The Cultural Legacies of Chinese Schools in Singapore and Malaysia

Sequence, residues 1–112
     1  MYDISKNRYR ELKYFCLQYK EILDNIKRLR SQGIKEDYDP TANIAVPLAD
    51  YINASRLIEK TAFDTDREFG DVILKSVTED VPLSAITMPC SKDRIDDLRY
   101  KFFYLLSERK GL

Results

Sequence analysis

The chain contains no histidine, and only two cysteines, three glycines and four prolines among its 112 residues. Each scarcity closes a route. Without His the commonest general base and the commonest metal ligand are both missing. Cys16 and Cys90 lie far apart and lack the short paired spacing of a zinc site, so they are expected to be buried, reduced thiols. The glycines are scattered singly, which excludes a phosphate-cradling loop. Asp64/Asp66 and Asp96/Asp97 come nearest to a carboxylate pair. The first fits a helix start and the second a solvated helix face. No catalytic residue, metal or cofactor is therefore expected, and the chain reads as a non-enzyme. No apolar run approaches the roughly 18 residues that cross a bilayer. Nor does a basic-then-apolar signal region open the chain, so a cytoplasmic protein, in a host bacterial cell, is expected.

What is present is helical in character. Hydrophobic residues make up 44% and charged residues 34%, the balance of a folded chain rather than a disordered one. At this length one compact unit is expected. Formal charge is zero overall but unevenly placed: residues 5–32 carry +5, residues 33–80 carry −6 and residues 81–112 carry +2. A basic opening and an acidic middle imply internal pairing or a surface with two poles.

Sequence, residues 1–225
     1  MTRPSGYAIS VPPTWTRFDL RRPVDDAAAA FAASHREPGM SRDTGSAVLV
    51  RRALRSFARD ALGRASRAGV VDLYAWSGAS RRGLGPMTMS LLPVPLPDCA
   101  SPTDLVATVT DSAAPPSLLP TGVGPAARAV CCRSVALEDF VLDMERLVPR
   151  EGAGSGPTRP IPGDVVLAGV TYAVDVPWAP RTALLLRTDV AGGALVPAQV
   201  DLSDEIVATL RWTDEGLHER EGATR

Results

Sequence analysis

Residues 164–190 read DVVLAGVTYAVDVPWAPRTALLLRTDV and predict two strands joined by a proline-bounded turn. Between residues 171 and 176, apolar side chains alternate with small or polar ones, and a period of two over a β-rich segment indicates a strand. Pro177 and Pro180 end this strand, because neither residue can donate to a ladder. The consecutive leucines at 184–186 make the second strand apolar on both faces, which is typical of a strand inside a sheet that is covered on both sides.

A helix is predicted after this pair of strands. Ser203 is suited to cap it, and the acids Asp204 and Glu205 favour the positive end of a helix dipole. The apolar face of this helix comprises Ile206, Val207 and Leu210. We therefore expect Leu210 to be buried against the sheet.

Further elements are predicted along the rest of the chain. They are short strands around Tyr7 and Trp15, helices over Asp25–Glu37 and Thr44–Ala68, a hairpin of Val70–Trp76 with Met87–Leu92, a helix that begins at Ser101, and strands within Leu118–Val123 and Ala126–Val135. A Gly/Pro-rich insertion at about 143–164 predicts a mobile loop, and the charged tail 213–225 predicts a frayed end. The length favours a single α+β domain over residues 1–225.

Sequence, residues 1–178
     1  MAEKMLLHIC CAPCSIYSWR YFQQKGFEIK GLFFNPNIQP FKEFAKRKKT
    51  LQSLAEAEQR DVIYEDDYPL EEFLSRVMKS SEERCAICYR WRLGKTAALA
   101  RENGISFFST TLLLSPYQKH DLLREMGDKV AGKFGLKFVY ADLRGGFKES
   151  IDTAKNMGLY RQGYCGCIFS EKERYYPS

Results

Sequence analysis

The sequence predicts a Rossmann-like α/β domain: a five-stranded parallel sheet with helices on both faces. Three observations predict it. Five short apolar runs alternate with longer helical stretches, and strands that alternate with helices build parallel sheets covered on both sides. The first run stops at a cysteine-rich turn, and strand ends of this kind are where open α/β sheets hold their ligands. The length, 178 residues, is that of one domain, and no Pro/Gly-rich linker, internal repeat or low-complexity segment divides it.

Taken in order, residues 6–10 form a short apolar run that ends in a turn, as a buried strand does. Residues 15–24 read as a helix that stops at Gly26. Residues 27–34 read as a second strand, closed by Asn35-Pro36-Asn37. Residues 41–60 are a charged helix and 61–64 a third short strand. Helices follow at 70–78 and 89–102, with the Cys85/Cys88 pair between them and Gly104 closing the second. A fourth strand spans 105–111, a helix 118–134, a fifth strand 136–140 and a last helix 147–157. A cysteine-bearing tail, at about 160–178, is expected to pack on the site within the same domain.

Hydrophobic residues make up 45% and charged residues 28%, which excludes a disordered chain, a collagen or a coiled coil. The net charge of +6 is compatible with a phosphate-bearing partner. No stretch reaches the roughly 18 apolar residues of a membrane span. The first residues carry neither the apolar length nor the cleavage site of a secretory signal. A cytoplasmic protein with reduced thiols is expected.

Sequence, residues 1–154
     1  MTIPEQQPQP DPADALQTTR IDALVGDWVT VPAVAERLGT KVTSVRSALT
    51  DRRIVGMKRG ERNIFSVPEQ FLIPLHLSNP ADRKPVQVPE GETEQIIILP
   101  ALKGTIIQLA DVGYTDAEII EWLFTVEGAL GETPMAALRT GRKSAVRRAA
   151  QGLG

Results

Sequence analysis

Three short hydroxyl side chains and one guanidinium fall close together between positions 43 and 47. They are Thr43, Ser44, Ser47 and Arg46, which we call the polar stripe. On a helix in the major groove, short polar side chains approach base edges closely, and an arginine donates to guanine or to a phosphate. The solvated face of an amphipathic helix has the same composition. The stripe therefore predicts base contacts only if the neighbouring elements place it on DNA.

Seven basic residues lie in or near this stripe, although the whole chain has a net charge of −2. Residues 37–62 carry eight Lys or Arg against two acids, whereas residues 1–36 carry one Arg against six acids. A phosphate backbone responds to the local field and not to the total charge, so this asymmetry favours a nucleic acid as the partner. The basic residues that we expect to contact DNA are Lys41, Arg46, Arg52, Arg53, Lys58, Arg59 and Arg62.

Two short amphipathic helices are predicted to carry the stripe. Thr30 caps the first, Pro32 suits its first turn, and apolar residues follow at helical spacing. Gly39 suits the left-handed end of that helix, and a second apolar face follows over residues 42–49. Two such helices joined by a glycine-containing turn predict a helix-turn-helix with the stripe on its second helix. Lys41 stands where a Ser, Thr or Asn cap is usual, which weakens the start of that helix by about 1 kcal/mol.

BackgroundPower and structurePast and futureMultitude and diversityCulture and memoryHeritage and resilienceI. Power structure of education: Issues and conceptualizationQuestioning official knowledge: On the state and the politics of knowledgeIntroductionThinking politicallyHegemony and the stateThe state and the production of public knowledgeThe state and identityThe complexities of responses to official knowledgeConclusionNotesBibliographyCulture, identity, and education policy: An interview with Michael W. Apple in SingaporeThe challenge of preserving heritage values of Chinese Schools in SingaporeBackgroundCultural memory and cultural identityArchitecture as tangible heritage of the former huaxiaoIntangible heritage in huaxiaoCultural memory and social capitalConclusionNotesBibliographyII. Role of Chinese community in education: From colonialism to new nationsChinese community and leaders’ sponsorship for Singapore schools: Case studies of the Chinese High School and Raffles InstitutionIntroductionThe founding and sponsors of The Chinese High SchoolThe Chinese community and The Chinese High SchoolContributions of Chinese leaders to the CHSThe Chinese element in the development of Raffles InstitutionThe founding and history of Raffles InstitutionContributions of Chinese leaders towards RafflesInstitution: organisations and individualsConclusionNotesBibliographyChinese schools and the development of adult education in Singapore: 1951-1957IntroductionAdult Chinese classes offeredAdult English and Malay classes offeredClasses offered in 1957ConclusionNotesBibliographyBetween adherence and autonomy: The evolution of Chinese texts in SingaporeTransplanting and grafting: early attempts at local Chinese literature textbooksIndependence: the new trend in the editing of Singapore Chinese literature textbooksConclusionNotesBibliographyIII. Chinese education in a multiethnic society: Malaysia experienceChinese schools in Malaysia: Between ethnic aspirations and the challenges of forging a national educationIntroductionExisting literatureBackgroundPost-war developmentTowards independenceEducation Act 1961 and its aftermathThe ICSS and their reformNon-Chinese enrolment in Chinese primary schoolsSurvival of the Chinese schools in the face of criticismConcluding remarksNotesBibliographyChinese education and cultural resilience: The case of the Chinese educationists in MalaysiaIntroductionChinese primary schoolsIndependent Chinese secondary schoolsMerdeka University and New Era University CollegeConclusionBibliographyThe developmental trend and increasing enrolment of Non-Chinese students in Malaysia’s Chinese primary schools: Challenges and problems (1998-2018)PrefaceDevelopmental challenges faced by Chinese primary schools (1990s-2008): the problem of building new Chinese primary schoolsThe current developmental trend of Chinese primary schools (SJK(C)s)The increasing number of Non-Chinese students and SJK(C)s without Chinese students: problems and challengesConclusionNotesBibliographyIV. Rediscovering Chinese schools: Cultural memory and legacyFundraising activities as collective memory: Construction of school identity in Anglican High SchoolIntroduction: Anglican High School as a SAP SchoolLiterature reviewMaterials consultedProfile of respondentsFundraising and construction of identitySchool founding to the 1970s: fundraising for the construction of the Lee Kuo Chuan Stadiums-1990s: funfair and charity performancesFrom the millennium onwards: the combination of charity walks and funfairsConclusion and reflectionNotesBibliographyAmission in the wilderness: Situating Chineseness in bilingual education at Maris Stella HighIntroduction: Maris Stella as a Chinese-medium schoolHeritage of a Chinese mission schoolRemembering the founder of the schoolA beacon of hope in the wildernessBilingualism in Maris Stella as a SAP schoolBuilding characterCultural activities in the Huaxiao tradition?Learning Chinese culture, then and nowConclusionNotesBibliographyChanges of heritage values and cultures in Chinese schools: A case study of Dunman High SchoolIntroductionMethodologyParticipants and focus groupSurvey methods and interview procedureResults and discussionSummary of sun'ey results and discussionSummary of interview findings and discussionAnalysis: lack of identification with school cultureConclusionNotesBibliographyReviewing the inseparable relationship between Singapore’s Chinese-education reform and its Chinese scar literatureEach Chinese character is a seedMetaphor of book-burning of two 16-year-old SingaporeansCultural backbone and cultural outlook of the writersConclusionNotesBibliography
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